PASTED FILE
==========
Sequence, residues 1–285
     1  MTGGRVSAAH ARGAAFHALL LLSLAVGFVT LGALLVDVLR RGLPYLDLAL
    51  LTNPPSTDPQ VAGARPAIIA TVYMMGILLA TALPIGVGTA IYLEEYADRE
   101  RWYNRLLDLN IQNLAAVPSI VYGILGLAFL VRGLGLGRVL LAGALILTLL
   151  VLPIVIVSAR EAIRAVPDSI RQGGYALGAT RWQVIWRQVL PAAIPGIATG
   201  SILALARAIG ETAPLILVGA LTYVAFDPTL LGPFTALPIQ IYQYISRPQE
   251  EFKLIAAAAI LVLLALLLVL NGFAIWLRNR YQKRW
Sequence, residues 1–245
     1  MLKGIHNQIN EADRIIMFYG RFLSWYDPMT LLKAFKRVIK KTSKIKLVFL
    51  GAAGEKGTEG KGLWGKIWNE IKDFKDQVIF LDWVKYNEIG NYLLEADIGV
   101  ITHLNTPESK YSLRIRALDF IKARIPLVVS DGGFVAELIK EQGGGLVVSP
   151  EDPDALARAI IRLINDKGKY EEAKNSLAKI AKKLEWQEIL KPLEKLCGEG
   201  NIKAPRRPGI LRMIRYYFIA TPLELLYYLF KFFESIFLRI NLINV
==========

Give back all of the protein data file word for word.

Sequence, residues 1–285
     1  MTGGRVSAAH ARGAAFHALL LLSLAVGFVT LGALLVDVLR RGLPYLDLAL
    51  LTNPPSTDPQ VAGARPAIIA TVYMMGILLA TALPIGVGTA IYLEEYADRE
   101  RWYNRLLDLN IQNLAAVPSI VYGILGLAFL VRGLGLGRVL LAGALILTLL
   151  VLPIVIVSAR EAIRAVPDSI RQGGYALGAT RWQVIWRQVL PAAIPGIATG
   201  SILALARAIG ETAPLILVGA LTYVAFDPTL LGPFTALPIQ IYQYISRPQE
   251  EFKLIAAAAI LVLLALLLVL NGFAIWLRNR YQKRW
Sequence, residues 1–245
     1  MLKGIHNQIN EADRIIMFYG RFLSWYDPMT LLKAFKRVIK KTSKIKLVFL
    51  GAAGEKGTEG KGLWGKIWNE IKDFKDQVIF LDWVKYNEIG NYLLEADIGV
   101  ITHLNTPESK YSLRIRALDF IKARIPLVVS DGGFVAELIK EQGGGLVVSP
   151  EDPDALARAI IRLINDKGKY EEAKNSLAKI AKKLEWQEIL KPLEKLCGEG
   201  NIKAPRRPGI LRMIRYYFIA TPLELLYYLF KFFESIFLRI NLINV